The Lib Dems represent a fair, forward-looking middle ground. Maybe it's time that we give them another chance?

    You can read their policies in their manifesto. Some highlights include eliminating the deficit by investing in growing business sectors while making less cuts, giving the NHS the extra £8billion they need and investing in long-neglected mental health care, and helping young people with housing, travel and apprenticeships.
    As Snufkin said. Heck, even AFTER the 2010 election the Lib Dems could have stood their groun and prevented the Tories ever reaching power in the first place had they been so inclined.
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    (Original post by Saoirse:3)
    As Snufkin said. Heck, even AFTER the 2010 election the Lib Dems could have stood their groun and prevented the Tories ever reaching power in the first place had they been so inclined.
    Not really.

    The only way to scrape a majority would have been to create a rainbow coalition of several different parties which was not practical and likely would have resulted in a second election within months or zombie government.

    The only alternative to that would have been that the Lib Dems not go into coalition and force an immediate general election to which a leaderless Labour and a Tory party who had not yet cut would have said.. 'this is why you must give us a mandate' and i see no reason why they would not have gotten a majority.

    The scenario in which Labour governed during the 2010-2015 period is one that's just too far fetched.
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    Regarding the OP i'll say that actually i was quite a fan of the coalition and greatly impressed by Cleggers and Alexander and Laws in particular. While i am happy with the Tory majority so far (bar the EU and leadership waffle) i'd certainly not be sad if the Orange Bookers rose to prominence and joined a coalition again.
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    (Original post by Rakas21)
    Not really.

    The only way to scrape a majority would have been to create a rainbow coalition of several different parties which was not practical and likely would have resulted in a second election within months or zombie government.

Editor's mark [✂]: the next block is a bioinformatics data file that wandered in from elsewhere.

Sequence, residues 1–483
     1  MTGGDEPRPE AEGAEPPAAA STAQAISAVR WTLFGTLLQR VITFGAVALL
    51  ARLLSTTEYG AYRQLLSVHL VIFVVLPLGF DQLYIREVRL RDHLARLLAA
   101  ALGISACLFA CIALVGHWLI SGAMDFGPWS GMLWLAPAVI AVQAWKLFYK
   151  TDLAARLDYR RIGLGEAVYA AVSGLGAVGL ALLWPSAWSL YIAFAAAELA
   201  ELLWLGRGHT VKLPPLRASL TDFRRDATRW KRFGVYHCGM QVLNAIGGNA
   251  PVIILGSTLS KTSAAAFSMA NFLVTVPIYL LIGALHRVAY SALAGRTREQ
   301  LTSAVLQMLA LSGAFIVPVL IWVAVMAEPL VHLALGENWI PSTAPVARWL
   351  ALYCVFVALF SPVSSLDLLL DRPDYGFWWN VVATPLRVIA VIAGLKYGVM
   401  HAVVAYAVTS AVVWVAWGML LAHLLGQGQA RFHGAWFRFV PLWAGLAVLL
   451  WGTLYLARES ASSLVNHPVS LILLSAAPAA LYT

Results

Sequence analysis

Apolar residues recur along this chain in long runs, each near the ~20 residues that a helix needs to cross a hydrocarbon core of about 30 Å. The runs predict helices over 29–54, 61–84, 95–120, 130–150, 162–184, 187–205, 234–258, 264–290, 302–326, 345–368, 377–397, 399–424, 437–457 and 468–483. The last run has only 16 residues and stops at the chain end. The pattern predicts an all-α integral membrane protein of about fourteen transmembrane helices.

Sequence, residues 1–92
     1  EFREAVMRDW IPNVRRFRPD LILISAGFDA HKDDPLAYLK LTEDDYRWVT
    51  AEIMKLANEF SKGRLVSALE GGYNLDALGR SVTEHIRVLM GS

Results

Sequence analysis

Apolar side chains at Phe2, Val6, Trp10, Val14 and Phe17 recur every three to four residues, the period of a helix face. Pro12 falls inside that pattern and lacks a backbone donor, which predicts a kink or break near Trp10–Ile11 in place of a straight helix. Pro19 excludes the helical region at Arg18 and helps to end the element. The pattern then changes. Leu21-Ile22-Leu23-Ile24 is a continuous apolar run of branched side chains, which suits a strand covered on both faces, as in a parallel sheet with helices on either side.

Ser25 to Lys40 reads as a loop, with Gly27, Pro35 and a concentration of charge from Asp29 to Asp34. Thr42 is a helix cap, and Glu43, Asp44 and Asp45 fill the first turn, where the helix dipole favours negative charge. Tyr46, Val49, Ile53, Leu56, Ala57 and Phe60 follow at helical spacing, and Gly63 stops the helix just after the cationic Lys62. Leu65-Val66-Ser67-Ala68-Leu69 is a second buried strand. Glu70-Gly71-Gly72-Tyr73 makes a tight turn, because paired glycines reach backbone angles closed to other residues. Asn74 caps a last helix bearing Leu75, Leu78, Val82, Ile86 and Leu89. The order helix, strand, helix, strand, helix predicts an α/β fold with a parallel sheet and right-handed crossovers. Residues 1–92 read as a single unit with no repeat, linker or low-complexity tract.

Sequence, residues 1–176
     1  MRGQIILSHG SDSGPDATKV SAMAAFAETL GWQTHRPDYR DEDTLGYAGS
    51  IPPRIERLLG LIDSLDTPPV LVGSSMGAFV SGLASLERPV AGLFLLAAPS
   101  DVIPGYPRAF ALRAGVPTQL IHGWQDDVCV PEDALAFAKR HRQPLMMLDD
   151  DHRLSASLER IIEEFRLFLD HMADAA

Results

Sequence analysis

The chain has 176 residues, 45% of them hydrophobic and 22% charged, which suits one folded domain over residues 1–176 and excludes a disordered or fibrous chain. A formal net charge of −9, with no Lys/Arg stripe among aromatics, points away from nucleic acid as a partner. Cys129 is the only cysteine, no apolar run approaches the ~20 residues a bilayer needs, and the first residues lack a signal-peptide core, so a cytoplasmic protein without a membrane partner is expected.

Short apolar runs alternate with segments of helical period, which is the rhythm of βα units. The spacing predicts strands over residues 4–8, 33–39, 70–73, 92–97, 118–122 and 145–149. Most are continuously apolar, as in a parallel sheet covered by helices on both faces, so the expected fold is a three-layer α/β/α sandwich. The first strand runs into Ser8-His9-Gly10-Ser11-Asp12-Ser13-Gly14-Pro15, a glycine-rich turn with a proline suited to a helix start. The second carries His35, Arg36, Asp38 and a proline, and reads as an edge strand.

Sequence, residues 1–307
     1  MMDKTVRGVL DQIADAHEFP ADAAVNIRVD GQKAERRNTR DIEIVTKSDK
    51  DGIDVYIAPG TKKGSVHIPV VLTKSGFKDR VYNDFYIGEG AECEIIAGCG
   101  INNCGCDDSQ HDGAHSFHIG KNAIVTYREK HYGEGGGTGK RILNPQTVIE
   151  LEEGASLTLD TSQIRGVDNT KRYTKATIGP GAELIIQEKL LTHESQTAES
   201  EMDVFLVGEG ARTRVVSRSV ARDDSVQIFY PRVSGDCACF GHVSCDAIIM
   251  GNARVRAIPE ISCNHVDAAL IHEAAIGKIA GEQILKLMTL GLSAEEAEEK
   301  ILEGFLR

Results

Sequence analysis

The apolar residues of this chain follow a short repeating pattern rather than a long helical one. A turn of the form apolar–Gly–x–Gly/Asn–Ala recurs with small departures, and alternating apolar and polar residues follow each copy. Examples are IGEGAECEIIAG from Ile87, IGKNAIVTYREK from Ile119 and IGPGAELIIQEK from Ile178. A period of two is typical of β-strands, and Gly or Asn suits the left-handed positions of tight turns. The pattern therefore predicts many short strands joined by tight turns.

The only alternative to that would have been that the Lib Dems not go into coalition and force an immediate general election to which a leaderless Labour and a Tory party who had not yet cut would have said.. 'this is why you must give us a mandate' and i see no reason why they would not have gotten a majority.

    The scenario in which Labour governed during the 2010-2015 period is one that's just too far fetched.
    Remember Brown did not resign as leader immidiately but during coalition negotiations once it became clear the Lib Dems were unwilling to work with him. Labour could have continued as a minority caretaker administration, and potentially replaced Brown with a new leader - I expect it might actually have been David Milliband in this scenario - who'd have then gone to the country for a mandate. There's every chance the Tories would have at least in part turned on Cameron hurting their own chances in the process and I wouldn't say the Conservatives would necessarily win a second election later in the year. That's assuming also that there wouldn't have been the numbers to push through electoral reform - if Labour could have been convinced in return for being guarenteed first talks with the Lib Dems after the new election it may well have done. Labour + Lib Dem + Green + SNP + Plaid + SDLP would have been 328 at the time, an effective majority of 6.
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    (Original post by Saoirse:3)
    Remember Brown did not resign as leader immidiately but during coalition negotiations once it became clear the Lib Dems were unwilling to work with him. Labour could have continued as a minority caretaker administration, and potentially replaced Brown with a new leader - I expect it might actually have been David Milliband in this scenario - who'd have then gone to the country for a mandate. There's every chance the Tories would have at least in part turned on Cameron hurting their own chances in the process and I wouldn't say the Conservatives would necessarily win a second election later in the year. That's assuming also that there wouldn't have been the numbers to push through electoral reform - if Labour could have been convinced in return for being guarenteed first talks with the Lib Dems after the new election it may well have done. Labour + Lib Dem + Green + SNP + Plaid + SDLP would have been 328 at the time, an effective majority of 6.
    6 parties and knowing for sure everyone must turn up and all vote the same way to get anything done even assuming you could agree on anything.

    Oh yea and then there's the issue of partnering the snp pre referendum and the smell test of the public going err wtf?


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    (Original post by paul514)